Bay area muralist Matt Callahan dies after altercation

The 40-year-old’s work can be seen across the country. A memorial is set for April 21.

click to enlarge Matt Callahan of Manmade Murals and Angela Delaplane of Delaplane Studios stop for a quick chat in front of their St. Petersburg mural in progress in 2015. - Nicole Abbett
Nicole Abbett
Matt Callahan of Manmade Murals and Angela Delaplane of Delaplane Studios stop for a quick chat in front of their St. Petersburg mural in progress in 2015.

There’s less color in the Tampa Bay art world today, and a bright light in the region’s mural scene sadly turned dark on Friday when Matt Callahan died as a result of injuries sustained in a fight earlier this week.

Just after 3 a.m. Wednesday, police found Callahan — owner of Man Made Murals (est. 2001) — in a median on Gandy Boulevard. Callahan, 40, was taken to Tampa General Hospital where he was listed in critical condition with bleeding to his brain. Callahan was confirmed dead at 8:30 p.m. on Friday, according to the Tampa Bay Times.

“Matt was a workforce, always so busy, he would get off of a job painting with just enough time to shower and head to an opening five minutes after it started, piece in hand, still wet with paint,” owners at Mergeculture, a Tampa Heights gallery wrote.

The Best Of The Bay-winning Callahan could “do it all” according to Mergeculture’s Tony Krol and Michelle Sawyer.

“Murals, letters, signs, distressed letters... He did it with such ease and so fast. This is a huge loss for the Tampa art community, enormous,” they wrote, adding that Callahan’s first show at Krol and Sawyer’s gallery was hilarious because the lights weren’t working with most of the work yet to be hung.

“We laughed about that when he showed up, because he stayed up the previous night knocking out a show stopper. He had some good times at the gallery.”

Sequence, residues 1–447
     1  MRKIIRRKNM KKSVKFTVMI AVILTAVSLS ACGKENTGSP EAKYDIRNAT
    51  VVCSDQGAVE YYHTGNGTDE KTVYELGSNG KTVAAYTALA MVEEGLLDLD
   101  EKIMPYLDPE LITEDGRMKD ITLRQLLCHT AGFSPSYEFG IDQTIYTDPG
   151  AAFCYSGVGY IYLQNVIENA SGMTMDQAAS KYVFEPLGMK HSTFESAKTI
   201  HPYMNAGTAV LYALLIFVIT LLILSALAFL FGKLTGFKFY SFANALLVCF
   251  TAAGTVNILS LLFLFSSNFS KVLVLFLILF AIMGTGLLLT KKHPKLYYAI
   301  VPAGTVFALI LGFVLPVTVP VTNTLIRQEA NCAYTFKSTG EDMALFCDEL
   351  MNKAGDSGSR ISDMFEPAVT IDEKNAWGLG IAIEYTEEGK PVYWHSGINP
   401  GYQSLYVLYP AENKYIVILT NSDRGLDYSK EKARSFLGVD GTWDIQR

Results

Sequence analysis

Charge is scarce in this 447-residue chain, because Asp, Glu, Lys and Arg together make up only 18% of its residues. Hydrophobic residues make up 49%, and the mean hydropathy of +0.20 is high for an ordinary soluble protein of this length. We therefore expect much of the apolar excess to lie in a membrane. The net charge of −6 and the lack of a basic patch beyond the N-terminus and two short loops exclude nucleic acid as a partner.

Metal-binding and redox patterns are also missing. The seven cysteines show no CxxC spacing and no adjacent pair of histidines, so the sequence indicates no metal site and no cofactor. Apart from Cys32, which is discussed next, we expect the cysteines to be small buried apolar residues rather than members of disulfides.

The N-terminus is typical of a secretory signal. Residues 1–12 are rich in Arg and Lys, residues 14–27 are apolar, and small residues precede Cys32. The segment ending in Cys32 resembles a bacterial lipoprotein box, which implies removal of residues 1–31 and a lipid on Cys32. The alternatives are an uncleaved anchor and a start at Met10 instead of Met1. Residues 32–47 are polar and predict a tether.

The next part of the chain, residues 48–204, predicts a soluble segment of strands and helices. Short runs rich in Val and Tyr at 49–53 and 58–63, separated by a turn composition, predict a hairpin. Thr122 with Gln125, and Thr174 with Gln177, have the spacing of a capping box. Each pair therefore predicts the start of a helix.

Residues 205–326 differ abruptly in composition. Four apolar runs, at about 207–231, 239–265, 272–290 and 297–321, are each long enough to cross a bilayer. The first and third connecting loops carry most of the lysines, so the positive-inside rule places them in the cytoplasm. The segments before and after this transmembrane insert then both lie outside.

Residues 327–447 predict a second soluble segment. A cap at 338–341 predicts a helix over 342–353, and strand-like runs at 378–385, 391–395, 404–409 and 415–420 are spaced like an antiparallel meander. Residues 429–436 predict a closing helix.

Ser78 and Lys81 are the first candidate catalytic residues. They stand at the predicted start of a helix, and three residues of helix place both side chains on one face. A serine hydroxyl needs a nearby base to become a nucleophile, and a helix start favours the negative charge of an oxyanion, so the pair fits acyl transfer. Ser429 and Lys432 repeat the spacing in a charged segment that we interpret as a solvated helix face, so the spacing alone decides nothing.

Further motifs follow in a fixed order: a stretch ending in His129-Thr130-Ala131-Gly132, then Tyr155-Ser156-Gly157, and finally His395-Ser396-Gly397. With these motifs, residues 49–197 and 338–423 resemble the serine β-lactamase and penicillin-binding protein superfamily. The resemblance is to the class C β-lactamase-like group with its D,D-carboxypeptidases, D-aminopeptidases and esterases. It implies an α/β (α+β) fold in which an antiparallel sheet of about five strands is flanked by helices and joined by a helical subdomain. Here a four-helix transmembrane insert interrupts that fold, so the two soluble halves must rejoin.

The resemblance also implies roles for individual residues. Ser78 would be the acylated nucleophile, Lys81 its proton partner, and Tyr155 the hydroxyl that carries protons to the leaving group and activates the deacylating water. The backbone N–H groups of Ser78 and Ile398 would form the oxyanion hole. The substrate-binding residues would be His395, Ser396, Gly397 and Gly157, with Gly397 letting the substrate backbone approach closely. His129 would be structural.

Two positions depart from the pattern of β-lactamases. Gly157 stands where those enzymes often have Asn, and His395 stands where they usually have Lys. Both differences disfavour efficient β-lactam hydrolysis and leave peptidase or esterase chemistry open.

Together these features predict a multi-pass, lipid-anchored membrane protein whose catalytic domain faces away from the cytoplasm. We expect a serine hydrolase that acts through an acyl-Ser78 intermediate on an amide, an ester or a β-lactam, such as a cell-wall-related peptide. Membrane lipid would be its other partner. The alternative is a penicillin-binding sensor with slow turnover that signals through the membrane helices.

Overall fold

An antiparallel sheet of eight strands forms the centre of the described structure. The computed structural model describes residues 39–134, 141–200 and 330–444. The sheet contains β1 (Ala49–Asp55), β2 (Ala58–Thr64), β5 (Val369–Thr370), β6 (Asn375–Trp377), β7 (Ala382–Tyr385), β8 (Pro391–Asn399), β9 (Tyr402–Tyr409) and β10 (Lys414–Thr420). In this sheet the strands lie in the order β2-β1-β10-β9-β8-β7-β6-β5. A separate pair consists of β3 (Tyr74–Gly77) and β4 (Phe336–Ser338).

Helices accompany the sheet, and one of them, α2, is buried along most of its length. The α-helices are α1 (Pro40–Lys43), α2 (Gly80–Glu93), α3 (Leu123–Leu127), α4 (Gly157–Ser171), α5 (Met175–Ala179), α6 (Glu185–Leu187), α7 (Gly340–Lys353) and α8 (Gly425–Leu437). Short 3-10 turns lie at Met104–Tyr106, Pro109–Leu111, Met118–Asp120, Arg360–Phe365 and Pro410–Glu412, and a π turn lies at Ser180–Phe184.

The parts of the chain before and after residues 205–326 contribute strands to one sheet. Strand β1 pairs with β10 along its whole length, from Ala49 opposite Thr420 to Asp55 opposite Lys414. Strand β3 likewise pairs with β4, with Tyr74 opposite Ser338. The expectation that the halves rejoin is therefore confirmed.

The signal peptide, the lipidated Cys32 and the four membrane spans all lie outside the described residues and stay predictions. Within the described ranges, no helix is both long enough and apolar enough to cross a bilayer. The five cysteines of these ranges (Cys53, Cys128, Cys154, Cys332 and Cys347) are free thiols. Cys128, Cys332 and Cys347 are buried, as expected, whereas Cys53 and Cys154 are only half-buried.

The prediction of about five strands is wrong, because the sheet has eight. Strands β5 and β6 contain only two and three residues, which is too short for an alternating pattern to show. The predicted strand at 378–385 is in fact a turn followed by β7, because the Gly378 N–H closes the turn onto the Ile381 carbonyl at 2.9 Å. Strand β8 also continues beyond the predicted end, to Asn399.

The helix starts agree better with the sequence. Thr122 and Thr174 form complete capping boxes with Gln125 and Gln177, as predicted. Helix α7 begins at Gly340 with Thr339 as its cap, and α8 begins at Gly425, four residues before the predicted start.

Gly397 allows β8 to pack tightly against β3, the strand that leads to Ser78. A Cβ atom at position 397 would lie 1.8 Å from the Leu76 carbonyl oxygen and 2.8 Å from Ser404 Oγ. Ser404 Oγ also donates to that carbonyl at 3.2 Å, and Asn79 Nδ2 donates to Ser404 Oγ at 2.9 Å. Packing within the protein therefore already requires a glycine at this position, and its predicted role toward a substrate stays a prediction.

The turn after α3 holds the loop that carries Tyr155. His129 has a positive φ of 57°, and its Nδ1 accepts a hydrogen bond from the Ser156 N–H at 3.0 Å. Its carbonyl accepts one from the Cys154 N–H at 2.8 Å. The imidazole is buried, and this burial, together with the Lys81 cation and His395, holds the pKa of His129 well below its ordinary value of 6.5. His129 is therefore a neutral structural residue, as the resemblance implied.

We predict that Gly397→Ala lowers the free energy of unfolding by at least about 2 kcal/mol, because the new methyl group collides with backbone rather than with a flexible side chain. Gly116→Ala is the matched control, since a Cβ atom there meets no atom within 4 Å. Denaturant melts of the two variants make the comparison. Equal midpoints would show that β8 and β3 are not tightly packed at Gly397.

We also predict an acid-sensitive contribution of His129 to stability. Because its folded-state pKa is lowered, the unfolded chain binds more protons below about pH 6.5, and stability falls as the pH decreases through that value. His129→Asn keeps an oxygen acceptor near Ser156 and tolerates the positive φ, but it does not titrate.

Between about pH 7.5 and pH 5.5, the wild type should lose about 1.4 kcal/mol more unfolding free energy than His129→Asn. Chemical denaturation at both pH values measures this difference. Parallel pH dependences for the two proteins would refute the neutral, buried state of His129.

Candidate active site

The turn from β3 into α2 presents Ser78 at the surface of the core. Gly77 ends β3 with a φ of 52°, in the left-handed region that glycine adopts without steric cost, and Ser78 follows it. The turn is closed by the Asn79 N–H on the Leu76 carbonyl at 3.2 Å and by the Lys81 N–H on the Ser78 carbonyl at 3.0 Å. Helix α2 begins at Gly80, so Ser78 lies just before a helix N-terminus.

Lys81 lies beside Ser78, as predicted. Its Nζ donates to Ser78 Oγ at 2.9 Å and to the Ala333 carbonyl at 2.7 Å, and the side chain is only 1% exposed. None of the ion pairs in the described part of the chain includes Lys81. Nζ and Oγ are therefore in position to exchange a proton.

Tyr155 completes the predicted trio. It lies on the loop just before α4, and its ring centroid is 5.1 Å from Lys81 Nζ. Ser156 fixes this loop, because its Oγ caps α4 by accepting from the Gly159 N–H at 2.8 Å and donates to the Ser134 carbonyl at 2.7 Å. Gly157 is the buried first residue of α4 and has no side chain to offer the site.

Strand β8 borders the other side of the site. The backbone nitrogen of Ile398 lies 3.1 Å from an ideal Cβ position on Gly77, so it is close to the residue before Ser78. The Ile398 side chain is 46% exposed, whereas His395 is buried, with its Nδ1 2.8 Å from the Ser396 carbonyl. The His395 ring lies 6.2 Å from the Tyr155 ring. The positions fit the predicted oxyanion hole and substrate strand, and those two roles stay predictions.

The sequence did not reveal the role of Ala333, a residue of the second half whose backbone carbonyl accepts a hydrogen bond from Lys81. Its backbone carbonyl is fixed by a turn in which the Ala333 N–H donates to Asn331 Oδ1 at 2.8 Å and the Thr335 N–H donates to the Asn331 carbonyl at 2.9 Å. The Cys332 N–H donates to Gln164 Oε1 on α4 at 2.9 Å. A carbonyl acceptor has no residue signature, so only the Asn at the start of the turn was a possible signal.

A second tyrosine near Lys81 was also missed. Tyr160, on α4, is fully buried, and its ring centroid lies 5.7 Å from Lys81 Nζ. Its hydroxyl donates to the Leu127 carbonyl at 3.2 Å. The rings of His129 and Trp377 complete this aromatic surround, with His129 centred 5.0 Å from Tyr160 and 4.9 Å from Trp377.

The last wall Callahan completed locally is in downtown Tampa near the corner of E. Jackson Street and S. Morgan Street. The work announces the arrival of the NCAA 2019 Women’s Final Four. Callahan also touched up some oversized bowling pins in Channelside during the Tampa Bay Lightning’s 2015 playoff run. He was stoked to be a part of that simple project, according to Kelli Yeloushan.

“He was just a really nice guy,” Yeloushan, who now books shows at the USF Sun Dome, told CL. “He even changed over the bowling pin to say ‘Be The Thunder,’ after 2015 playoffs without me asking so it could stay up year round.”

Callahan’s commercial work took him all over the country, from Alabama to Anaheim. In appeared on Tampa's Fusion Bowl and Hablo Taco. In Florida, Callahan painted Lake City bakeries and breweries (Born & Bread Bakehouse, Halpatter Brewing Company), showed up in Lake Buena Vista (Disney Springs, plus this beaut at Chef Art Smith’s Homecoming Florida Kitchen) and even painted a mural for Coral Springs High School.

In 2016, Callahan worked with Angela Delaplane to complete an elaborate piece at Classical Architectural as part of St. Pete’s SHINE mural festival. His work can be seen on the walls of Green Bench Brewing, Seminole Heights’ Red Star Rock Bar and Coppertail Brewing where he painted this Evan Harris design on the Ybor City brewery’s south wall.

His work even appears at iconic south-of-Gandy hangout and bowling alley Pinarama, less than one mile away from the Warehouse Liquor Store and Bar where an employee told police that she saw Callahan and someone else arguing earlier this week. The police report says that the worker didn’t see what happened outside of the bar, but police eventually found Callahan in that median on Gandy.

A Cedar Key memorial is planned for April 21 from 2 p.m. to 5 p.m.

“All of Matt Callahan's friends are invited to attend and share memories of this very talented artist and sweet son, brother, father and friend to everyone,” it says on Facebook where Callahan had thousands of connections.

Losing a beloved Bay artist is an impossible thing to grasp in the moments after death, but Callahan literally left his mark everywhere, and he’ll never be forgotten.

About The Author

Ray Roa

Read his 2016 intro letter and disclosures from 2022 and 2021. Ray Roa started freelancing for Creative Loafing Tampa in January 2011 and was hired as music editor in August 2016. He became Editor-In-Chief in August 2019. Past work can be seen at Suburban Apologist, Tampa Bay Times, Consequence of Sound and The...
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